Science Blog: The fight is not over yet – our surface waters are still facing many pressures

Tommi Kauppila, Research Professor

The chemical and ecological status of Finnish surface waters has considerably improved since the 1970s. However, some of the stressors that affect our lakes and rivers have proved difficult to control, and some new pressures have also appeared. While point source stressors such as municipal and industrial waste waters are nowadays well managed, diffuse loadings from agriculture and forestry have been more difficult to control. Similarly, acid deposition and lead fallout have diminished in Europe, but the effects of climate change are becoming more evident. New pollutants such as microplastics and nanoparticles are receiving more attention, and our ever-increasing standard of living also works to increase pressures on inland waters.

The Ministry of the Environment has identified nutrient inputs from agriculture as the main threat to surface water quality in Finland. However, forestry and peat extraction can be significant stressors, especially for headwater lakes. These activities typically co-occur in peaty watersheds, and considerable public debate has lately centered on the effects of peat extraction, in particular. However, the magnitudes of these activities are vastly different, with 4.8 M ha of peatlands drained for forestry and 0.06 M ha in active peat production. It is exceptionally difficult to separate the effects of peat extraction and peatland forestry, because the compositions of the loadings are too similar. From a watershed management point of view, however, it is essential to know where to direct the management efforts.

Sediment-derived time series potentially provide a way to separate the effects of forestry and peat production on lakes if a reference lake setup is utilized. In this arrangement, the reference lake records the regional history of stressors and changes in the watershed from early settlement, agriculture, and forestry to acid rains, summer home development, and recent climate change. The impacted lake then has the additional stressor of peat production, the timing of which is known. Ideally, the water and sediment quality histories of the two lakes should be rather similar until the effects of the additional stressor start to be seen in the impacted lake.

GTK conducted a paired lake study on the impacts of peat extraction in central Finland with the Universities of Jyväskylä and Turku. The study consisted of sediment echo sounding, coring at several locations in each lake, radiometric dating of the sediments (C-14, Pb-210, Cs-137, Am-241), and chemical and biological (chironomids, diatom algae) analyses. The results showed that peat extraction has not resulted in the deposition of thick layers of organic sediment in the impacted lake, as had been anticipated. In fact, the increments in sediment thickness since the start of peat production were similar in both lakes. As this may be the result of sedimentation conditions, the recent sediment accumulation rates were also compared with background values at the same coring site. The results confirmed that the accumulation of carbon or dry matter had not increased more in the impacted lake than in the reference lake.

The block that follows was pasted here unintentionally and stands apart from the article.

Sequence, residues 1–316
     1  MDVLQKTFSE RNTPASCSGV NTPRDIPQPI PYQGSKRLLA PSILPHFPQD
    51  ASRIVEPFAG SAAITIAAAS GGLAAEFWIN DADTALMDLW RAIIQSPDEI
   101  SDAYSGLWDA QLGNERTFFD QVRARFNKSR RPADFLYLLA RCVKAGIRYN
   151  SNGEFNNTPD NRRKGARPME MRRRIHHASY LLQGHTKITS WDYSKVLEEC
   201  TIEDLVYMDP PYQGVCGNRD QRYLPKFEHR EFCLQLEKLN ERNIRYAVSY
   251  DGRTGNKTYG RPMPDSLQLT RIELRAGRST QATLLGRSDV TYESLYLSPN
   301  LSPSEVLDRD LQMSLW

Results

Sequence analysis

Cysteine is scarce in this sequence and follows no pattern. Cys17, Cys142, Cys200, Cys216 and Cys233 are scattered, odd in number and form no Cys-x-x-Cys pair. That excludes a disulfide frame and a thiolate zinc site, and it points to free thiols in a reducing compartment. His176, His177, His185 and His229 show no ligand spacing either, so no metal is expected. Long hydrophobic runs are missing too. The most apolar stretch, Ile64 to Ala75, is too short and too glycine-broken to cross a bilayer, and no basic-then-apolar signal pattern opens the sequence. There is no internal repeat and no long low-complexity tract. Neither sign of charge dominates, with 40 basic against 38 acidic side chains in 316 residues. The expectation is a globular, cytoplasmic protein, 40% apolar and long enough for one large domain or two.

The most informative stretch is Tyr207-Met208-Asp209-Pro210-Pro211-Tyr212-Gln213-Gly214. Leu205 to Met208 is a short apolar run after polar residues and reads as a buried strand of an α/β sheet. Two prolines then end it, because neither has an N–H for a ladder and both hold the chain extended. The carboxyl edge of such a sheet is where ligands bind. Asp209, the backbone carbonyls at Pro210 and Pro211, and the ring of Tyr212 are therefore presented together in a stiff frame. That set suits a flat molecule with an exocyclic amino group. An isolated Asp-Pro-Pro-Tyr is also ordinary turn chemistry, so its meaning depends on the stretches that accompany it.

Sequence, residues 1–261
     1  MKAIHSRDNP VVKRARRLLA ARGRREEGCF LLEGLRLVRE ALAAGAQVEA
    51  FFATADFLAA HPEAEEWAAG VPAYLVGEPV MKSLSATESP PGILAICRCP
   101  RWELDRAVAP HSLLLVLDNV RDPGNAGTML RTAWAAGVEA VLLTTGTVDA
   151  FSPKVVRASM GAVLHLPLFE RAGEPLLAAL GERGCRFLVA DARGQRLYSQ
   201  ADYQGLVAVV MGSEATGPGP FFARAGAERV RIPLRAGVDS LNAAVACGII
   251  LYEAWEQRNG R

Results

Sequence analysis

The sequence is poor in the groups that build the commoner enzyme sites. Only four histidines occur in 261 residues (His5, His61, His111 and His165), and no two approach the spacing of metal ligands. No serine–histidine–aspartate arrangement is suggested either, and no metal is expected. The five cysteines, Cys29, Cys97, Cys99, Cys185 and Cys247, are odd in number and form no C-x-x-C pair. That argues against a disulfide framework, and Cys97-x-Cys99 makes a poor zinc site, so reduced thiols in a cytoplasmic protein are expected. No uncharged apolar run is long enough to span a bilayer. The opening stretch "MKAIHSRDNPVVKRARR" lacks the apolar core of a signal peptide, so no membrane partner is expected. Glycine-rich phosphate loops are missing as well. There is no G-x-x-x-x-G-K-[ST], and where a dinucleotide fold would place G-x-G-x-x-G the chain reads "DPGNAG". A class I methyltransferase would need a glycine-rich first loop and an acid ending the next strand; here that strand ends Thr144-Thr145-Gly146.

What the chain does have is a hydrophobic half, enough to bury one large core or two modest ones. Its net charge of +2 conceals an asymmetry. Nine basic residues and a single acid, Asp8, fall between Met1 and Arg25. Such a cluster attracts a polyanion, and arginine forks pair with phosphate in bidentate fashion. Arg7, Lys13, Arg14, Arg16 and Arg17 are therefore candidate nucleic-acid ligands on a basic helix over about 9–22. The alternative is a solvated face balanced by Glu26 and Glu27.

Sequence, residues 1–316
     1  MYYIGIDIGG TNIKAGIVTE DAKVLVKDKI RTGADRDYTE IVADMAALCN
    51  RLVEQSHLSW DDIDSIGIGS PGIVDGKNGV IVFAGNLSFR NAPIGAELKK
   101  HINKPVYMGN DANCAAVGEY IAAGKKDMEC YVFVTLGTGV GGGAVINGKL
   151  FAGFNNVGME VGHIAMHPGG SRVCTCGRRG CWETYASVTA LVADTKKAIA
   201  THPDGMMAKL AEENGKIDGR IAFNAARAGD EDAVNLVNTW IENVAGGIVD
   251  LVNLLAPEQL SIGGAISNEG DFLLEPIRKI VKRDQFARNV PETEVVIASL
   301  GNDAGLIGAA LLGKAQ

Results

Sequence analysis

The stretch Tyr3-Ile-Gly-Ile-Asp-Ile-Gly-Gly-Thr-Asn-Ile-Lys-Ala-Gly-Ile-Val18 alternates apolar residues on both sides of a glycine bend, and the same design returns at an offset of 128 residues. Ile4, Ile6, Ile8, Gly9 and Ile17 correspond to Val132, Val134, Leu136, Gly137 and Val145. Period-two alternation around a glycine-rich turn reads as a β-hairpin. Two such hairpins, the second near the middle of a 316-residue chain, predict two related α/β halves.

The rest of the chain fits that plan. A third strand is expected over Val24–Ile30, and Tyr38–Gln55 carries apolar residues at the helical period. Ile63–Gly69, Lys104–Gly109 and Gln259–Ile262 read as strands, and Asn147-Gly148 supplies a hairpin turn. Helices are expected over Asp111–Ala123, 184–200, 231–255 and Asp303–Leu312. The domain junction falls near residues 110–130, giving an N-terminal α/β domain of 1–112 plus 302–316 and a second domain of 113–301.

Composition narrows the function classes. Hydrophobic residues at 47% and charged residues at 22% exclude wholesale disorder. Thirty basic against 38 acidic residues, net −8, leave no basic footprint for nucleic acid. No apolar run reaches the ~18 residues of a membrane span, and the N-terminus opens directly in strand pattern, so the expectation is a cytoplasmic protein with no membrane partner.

The sediment records displayed marked changes in both lakes starting from the late 19th century. The lakes became more eutrophic and humus-rich due to the first loggings, settlements, and agriculture. The greatest changes occurred in the 1960s and 1970s, when the region was drained for forestry. The onset of peat production was also visible as a transient peak in mineral erosion and a short-lived shift in the chironomid fauna.

Perhaps the most interesting features of the sediment records were the recent changes that occurred as late as in the 2000s. Water quality has deteriorated and eutrophication has increased, especially in the reference lake. These alarming signs could be due to climate change, summer home development, or drainage network maintenance. Recent research also suggests that old (>30 yrs) drainage networks on peatlands may start to discharge more dissolved nutrients due to peat mineralization and mire surface subsidence.

These signs of deteriorating water quality highlight the need to continue our water management efforts. Sediment records of environmental change can provide valuable insights for the planning and design of management actions.

T. Kauppila, T. Ahokas, L. Nikolajev-Wikström, J. Mäkinen, M. H. Tammelin & J. J. Meriläinen 2016. Aquatic effects of peat extraction and peatland forest drainage: a comparative sediment study of two adjacent lakes in Central Finland. Environmental Earth Sciences 75:1473.

Figure 1. The undisturbed surface of a sediment core from the peat extraction impacted lake.
Tommi Kauppila

Text: Tommi Kauppila

Tommi Kauppila works as a Research Professor of Mine and Industrial Environments in the Industrial Environments and Recycling unit of the Geological Survey of Finland. His research focuses on the effects of mining and other industrial activities on especially the surface waters.